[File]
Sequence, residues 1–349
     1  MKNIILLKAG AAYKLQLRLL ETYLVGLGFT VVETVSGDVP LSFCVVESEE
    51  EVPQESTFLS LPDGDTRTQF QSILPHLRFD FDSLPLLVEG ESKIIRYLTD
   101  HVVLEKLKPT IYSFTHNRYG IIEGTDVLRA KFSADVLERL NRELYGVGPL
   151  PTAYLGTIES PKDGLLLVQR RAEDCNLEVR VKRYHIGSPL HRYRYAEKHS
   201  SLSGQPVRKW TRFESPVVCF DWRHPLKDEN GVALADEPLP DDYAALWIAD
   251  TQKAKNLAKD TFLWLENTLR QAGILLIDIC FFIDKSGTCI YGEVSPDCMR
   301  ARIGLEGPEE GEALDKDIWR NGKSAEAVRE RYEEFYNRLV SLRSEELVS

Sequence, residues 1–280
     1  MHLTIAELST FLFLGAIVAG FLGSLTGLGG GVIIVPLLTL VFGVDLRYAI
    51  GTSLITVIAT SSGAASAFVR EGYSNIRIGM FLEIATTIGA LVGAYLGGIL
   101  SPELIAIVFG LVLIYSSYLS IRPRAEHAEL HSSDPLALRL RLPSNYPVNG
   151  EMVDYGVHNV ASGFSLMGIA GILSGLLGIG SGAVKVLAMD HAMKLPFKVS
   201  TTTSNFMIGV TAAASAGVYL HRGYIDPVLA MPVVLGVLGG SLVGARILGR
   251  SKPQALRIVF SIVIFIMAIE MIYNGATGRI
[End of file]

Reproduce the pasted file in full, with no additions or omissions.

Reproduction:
Sequence, residues 1–349
     1  MKNIILLKAG AAYKLQLRLL ETYLVGLGFT VVETVSGDVP LSFCVVESEE
    51  EVPQESTFLS LPDGDTRTQF QSILPHLRFD FDSLPLLVEG ESKIIRYLTD
   101  HVVLEKLKPT IYSFTHNRYG IIEGTDVLRA KFSADVLERL NRELYGVGPL
   151  PTAYLGTIES PKDGLLLVQR RAEDCNLEVR VKRYHIGSPL HRYRYAEKHS
   201  SLSGQPVRKW TRFESPVVCF DWRHPLKDEN GVALADEPLP DDYAALWIAD
   251  TQKAKNLAKD TFLWLENTLR QAGILLIDIC FFIDKSGTCI YGEVSPDCMR
   301  ARIGLEGPEE GEALDKDIWR NGKSAEAVRE RYEEFYNRLV SLRSEELVS

Sequence, residues 1–280
     1  MHLTIAELST FLFLGAIVAG FLGSLTGLGG GVIIVPLLTL VFGVDLRYAI
    51  GTSLITVIAT SSGAASAFVR EGYSNIRIGM FLEIATTIGA LVGAYLGGIL
   101  SPELIAIVFG LVLIYSSYLS IRPRAEHAEL HSSDPLALRL RLPSNYPVNG
   151  EMVDYGVHNV ASGFSLMGIA GILSGLLGIG SGAVKVLAMD HAMKLPFKVS
   201  TTTSNFMIGV TAAASAGVYL HRGYIDPVLA MPVVLGVLGG SLVGARILGR
   251  SKPQALRIVF SIVIFIMAIE MIYNGATGRI